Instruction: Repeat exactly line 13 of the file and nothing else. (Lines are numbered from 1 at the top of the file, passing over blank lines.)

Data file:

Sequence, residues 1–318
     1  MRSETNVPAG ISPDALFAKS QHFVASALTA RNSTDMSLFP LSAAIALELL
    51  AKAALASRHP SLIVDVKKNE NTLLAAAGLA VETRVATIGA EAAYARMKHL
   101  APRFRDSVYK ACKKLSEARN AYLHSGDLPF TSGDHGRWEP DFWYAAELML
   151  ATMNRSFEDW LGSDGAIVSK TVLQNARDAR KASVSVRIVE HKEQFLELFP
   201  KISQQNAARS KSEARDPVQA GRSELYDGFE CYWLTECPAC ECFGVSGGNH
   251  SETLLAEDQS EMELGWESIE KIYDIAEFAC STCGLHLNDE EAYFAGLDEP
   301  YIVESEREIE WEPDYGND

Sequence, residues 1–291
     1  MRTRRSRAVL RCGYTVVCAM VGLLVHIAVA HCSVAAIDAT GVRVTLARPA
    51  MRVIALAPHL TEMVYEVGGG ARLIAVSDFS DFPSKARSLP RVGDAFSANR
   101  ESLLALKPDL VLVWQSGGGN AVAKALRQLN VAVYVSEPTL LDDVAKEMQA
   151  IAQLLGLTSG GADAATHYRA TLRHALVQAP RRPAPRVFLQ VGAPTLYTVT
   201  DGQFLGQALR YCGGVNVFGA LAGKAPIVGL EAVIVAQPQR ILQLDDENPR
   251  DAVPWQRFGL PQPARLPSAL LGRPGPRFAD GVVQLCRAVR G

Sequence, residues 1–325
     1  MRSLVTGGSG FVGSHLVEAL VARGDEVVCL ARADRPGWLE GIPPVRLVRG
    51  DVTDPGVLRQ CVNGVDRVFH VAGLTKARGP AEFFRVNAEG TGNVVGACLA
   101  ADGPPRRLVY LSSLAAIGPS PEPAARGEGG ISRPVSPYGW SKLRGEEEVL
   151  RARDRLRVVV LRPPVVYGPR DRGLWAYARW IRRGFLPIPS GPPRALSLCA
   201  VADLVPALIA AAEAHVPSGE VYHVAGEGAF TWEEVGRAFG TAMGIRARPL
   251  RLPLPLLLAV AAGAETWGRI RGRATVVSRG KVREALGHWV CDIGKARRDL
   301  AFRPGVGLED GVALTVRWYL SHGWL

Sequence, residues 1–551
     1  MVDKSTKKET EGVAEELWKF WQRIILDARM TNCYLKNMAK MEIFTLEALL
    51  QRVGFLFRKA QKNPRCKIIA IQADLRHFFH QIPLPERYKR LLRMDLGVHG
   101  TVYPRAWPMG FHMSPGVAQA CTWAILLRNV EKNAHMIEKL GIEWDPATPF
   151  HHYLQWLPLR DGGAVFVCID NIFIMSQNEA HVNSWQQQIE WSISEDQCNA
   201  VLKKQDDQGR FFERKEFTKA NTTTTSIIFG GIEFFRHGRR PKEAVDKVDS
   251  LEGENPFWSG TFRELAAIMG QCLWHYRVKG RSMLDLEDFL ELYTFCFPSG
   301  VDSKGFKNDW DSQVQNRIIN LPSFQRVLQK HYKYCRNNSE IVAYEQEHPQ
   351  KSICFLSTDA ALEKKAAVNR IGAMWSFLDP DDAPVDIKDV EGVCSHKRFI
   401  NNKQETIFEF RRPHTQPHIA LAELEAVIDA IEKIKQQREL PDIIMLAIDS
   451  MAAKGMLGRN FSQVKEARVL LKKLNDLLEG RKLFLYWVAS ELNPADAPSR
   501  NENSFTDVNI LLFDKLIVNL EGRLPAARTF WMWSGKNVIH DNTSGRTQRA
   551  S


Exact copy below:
   151  IAQLLGLTSG GADAATHYRA TLRHALVQAP RRPAPRVFLQ VGAPTLYTVT